The Modern-Day Shaolin Temple

"All across history, Shaolin Temple has served the emperors," said Liang Yiquan, 74, the director of the nearby Shaolin Epo Martial Arts School, commenting on the abbot's influence. "Now they serve the Communist Party." --New York Times, Feb 10, 2005

When people find out that I practice kung fu, they often ask me if I've ever been to China, or if I'd like to go someday to study at the Shaolin Temple.

The fact is that I had one of the best teachers of Shaolin kung fu in the world (6th Degree Master Joe Schaefer, Ph.D.) right where I used to live in Austin, TX, and he isn't even of Asian descent.

People have a tendency to think that "the real thing" is always off somewhere beyond their grasp, in some exotic and distant locale. We tend to think that if we could only travel somewhere far away, we could be different, we could change ourselves.

This kind of thinking lets us off the hook. If you have a dream for self-improvement, the best thing you can possibly do is to start out on that path today, and the only limitation is within yourself. People don't want to hear this because then they have to confront the gap between the reality of where they are now, with all their fears and limitations, and a fantasy of themselves working hard, changing their bodies, putting in a real and consistent effort at training in some distant and inaccessible time and place. The fact is, it takes real committment and hard work NOW to improve yourself.

If you really want to drop everything, quit your job and do nothing but kung fu all day every day (and I don't recommend that you do it), you can do it right here in New Orleans, LA. We have all the training tools you need to become a master of martial arts and master of your own life.

Contact us now to schedule your free introductory class

The sad fact of the matter is, traditional Shaolin kung fu all but died out in China by the late 1920s. Here is a quote from http://www.beijingwushuteam.com/articles/shaolintour.html

"For those who may not be aware, the Shaolin Monks like you see in the movies no longer exist. By this I mean the historical Shaolin Monks, popular in Chinese history, folklore, literature and movies, who practiced Shaolin wushu while staying devout Buddhist monks, living in the Shaolin Temple have disappeared. The temple was practically abandoned during the Cultural Revolution in China. What you find at the temple today is not what was there beforehand. The fact that the people you find in and around the Temple now claiming to represent it are not true monks is well known amongst martial artists in China. Jet Li himself is the best eyewitness, he went to the Temple in 1979 for the filming of Shaolin Temple and didn't find any martial monks. Read his remarks off his own webpage here. Furthermore it is a well known fact that martial arts masters from other parts of China were brought by the government to Shaolin in the 80's to reintroduce martial arts to the area.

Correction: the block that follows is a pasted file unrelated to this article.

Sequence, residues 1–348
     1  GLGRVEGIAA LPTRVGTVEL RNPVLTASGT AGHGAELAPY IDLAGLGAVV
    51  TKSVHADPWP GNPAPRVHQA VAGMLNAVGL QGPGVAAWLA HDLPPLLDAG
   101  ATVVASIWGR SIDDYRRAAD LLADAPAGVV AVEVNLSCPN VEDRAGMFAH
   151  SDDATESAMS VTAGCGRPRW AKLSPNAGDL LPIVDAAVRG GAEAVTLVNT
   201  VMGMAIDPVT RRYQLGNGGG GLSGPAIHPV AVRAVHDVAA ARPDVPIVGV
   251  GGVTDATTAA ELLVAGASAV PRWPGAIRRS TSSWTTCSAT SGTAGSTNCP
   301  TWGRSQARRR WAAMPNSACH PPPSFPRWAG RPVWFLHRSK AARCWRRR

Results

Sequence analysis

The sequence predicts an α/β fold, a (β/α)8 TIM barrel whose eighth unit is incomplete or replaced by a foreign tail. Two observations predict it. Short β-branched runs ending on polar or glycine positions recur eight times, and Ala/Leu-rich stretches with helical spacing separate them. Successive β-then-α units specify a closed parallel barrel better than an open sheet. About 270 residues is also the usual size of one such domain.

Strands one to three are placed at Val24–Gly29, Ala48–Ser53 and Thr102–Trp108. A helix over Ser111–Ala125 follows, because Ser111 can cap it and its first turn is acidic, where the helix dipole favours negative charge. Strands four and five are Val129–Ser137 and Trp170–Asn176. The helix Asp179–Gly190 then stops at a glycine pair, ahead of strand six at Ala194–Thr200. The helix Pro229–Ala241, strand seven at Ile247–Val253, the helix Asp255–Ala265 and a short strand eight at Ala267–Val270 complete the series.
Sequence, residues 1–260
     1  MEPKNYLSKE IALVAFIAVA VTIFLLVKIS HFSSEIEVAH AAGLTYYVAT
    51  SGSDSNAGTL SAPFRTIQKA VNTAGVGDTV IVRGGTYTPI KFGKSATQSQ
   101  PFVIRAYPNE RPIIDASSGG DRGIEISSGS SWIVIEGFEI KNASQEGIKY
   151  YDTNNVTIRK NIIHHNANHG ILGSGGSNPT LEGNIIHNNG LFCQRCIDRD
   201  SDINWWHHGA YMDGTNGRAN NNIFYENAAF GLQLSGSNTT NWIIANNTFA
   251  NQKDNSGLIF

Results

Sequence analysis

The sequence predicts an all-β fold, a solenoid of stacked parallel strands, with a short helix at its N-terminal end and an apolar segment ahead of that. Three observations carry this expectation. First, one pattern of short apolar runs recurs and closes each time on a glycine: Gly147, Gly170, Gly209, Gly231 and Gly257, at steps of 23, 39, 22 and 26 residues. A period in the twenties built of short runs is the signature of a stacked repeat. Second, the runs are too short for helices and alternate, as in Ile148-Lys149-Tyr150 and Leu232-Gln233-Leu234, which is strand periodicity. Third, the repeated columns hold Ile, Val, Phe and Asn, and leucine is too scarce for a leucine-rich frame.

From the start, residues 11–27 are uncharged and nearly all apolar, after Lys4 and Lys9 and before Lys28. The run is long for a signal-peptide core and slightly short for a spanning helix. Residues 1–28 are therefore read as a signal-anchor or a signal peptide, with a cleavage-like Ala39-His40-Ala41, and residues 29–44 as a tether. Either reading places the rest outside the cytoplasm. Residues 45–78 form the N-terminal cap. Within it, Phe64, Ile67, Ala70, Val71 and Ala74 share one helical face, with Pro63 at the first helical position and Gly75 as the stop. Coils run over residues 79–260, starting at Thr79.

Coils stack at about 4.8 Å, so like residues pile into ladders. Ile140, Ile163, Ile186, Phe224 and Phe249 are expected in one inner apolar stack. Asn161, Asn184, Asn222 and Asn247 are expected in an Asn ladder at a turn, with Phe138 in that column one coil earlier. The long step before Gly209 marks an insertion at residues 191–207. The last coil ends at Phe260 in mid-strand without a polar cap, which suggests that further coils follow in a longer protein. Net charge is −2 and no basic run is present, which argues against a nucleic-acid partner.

"As Jet Li alluded to, and anyone who has travelled to the temple and surrounding village can attest to, The Shaolin Temple and surrounding areas have been transformed into more of a 'tourist trap' by the Chinese and local governments and the local villagers in the years since the film. Dozens of martial arts schools popped up, some now quite large, with hundreds or thousands of students. Often times the instructors at these schools claim great pedigrees of martial arts knowledge ('Thirty-somethingth generation disciple of Shaolin Kungfu', for example) But where did these people come from? Where were they hiding from 1965 through 1980? Some journalists would lead us to believe that the government forced the monks to break their vows, leave the temple and assimilate into society, although I don't understand how the Red Guard can FORCE someone to get married and have children. Others mention that these monks may have been in hiding in the mountains during the Cultural Revolution, either way they certainly weren't living in the Temple and their sudden appearance in such great numbers lead one to be very suspicious. (three non-martial monks in 1980 to hundreds within a decade or two)."


New York Times Feb 10, 2005 Article about Shaolin

http://www.nytimes.com/2005/02/10/i...rtner=TOPIXNEWS

By HOWARD W. FRENCH

ENGFENG, China - Well-worn flagstones lead up a gentle gradient, through an imposing gate, past huge statues of fierce guardian spirits. The tiled eaves of a temple loom behind a giant ginkgo tree, all but groaning under the weight of a heavy snow.

Suddenly, the pounding of hammers and the whine of an electric saw interrupt the reverie. Only then does it dawn that this is no ancient temple but a re-creation. The impression is confirmed by a glance at the colors in the rafters, impossibly bright for anything truly old.